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Last update: May 2021

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Identification and characterization of compatibility and incompatibility factors in plants and aphids



Context and Issues
Aphids are serious pests of many cultivated crops and mainly managed by application of pesticides. Pesticides can be harmful to the environment and human health, and many aphid species have developed resistance mechanisms against insecticides; therefore, alternative methods for aphid control are required.

To develop durable aphid control strategies while reducing pesticide use, it is necessary to create more knowledge on plant-aphid interactions and select or construct aphid resistant crops efficiently. This project takes advantage of well-developed pea aphid (Acyrthosiphon pisum) system to study plant-aphid interactions at a molecular level. More specifically, we will examine A. pisum biotypes and host legume interactions to identify and characterize the compatibility and incompatibility factors in both aphids and plants and examine the plant signalling pathways involved in the interactions. A. pisum biotypes are specialized to feed on one or a few legume species only (compatible hosts) and cannot perform well on the other legumes (incompatible hosts). We hypothesize that plant-aphid interactions are analogous to plant-microbial pathogen interactions: aphid salivary proteins might function like effectors with virulence and avirulence functions, and their interactions with certain plant proteins determine the success of the aphids. We further hypothesize that aphid salivary proteins with biotype specific expression pattern or amino acid sequence can be the effectors involved in the determination of compatibility with specific plants and wish to test these hypotheses.

Based on the analyses of genome re-sequencing and transcriptomic analyses, we have already identified some candidate salivary effector genes that may be involved in the aphid adaptation to their specific host plants. We would like to characterize those genes and envisage identifying their plant targets using protein-protein interactions. To directly identify the plant factors involved in aphid interactions, we have screened 240 re-sequenced Pisum sativum accessions with pea adapted and non-adapted A. pisum lines and observed a range of resistance and susceptibility. In this project, based on the already acquired data, we would like to conduct genome wide association study (GWAS) and identify the loci involved in plant resistance or susceptibility. We will also select accessions with extreme resistance/susceptible phenotype and conduct metabolomics and transcriptomics to identify the signalling pathways involved in the interactions with aphids. Furthermore, we aim to screen P. sativum mutants by TILLING to find the mutants of key resistance pathways, effector targets and resistant genes. We will test their interactions with A. pisum biotypes and examine the induction of genes and accumulation of metabolites. By the end of the project, we will produce valuable data and materials useful for both fundamental and applied researches and create the knowledge that can contribute to select or create aphid resistant crops.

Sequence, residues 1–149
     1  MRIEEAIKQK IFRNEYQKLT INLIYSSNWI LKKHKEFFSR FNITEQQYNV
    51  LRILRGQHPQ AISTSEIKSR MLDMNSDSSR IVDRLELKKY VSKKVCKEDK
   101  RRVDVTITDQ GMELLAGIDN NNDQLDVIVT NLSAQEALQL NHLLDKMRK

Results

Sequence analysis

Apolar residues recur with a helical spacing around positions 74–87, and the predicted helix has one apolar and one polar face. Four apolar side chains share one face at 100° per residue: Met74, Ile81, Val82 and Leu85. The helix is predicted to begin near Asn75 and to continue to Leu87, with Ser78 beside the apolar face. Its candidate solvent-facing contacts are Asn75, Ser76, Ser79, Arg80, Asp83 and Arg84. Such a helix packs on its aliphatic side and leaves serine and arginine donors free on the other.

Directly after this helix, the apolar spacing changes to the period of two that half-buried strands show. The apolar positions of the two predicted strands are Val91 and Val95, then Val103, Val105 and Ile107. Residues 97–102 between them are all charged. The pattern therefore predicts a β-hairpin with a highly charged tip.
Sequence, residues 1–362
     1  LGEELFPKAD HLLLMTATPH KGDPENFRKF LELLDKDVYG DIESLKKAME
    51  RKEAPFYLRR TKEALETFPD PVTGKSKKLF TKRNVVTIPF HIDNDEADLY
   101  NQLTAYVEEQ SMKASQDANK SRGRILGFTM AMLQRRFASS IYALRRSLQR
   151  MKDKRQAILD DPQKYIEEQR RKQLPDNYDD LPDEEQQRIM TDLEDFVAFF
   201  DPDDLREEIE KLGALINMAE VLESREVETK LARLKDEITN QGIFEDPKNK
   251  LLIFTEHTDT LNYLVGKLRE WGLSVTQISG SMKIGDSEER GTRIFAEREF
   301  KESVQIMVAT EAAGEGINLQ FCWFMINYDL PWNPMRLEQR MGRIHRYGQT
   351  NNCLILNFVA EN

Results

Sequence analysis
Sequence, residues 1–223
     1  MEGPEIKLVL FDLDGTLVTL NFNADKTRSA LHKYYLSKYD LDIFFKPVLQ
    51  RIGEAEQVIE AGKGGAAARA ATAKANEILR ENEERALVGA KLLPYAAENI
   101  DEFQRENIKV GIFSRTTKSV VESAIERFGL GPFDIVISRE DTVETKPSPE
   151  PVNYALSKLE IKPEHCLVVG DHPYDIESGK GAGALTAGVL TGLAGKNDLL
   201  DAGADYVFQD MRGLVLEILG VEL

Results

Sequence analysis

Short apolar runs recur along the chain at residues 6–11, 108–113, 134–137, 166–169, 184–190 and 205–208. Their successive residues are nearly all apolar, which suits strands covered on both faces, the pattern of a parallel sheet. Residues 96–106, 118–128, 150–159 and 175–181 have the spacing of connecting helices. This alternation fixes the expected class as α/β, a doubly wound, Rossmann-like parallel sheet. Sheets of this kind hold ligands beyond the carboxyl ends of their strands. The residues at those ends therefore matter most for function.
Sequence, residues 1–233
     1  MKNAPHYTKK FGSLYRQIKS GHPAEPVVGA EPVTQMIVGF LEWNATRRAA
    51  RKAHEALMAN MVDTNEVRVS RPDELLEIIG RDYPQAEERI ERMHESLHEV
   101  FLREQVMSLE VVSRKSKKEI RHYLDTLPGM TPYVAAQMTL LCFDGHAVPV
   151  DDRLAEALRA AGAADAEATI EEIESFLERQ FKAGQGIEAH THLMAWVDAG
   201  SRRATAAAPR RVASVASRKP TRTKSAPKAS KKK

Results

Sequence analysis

• INRAE IPS2, Institut des Sciences des Plantes Paris Saclay : Marion Dalmais and Abdelhafid Bendahmane
  • INRAE Dijon UMR 1347 Agroécologie: Richard Thompson and Christine Le-Signor
  • Max Planck Institute for Chemical Ecology, Germany: Grit Kunert and Jonathan Gershenzon
  • Maynooth University, Ireland: James Carolan

 Funding and Support: ANR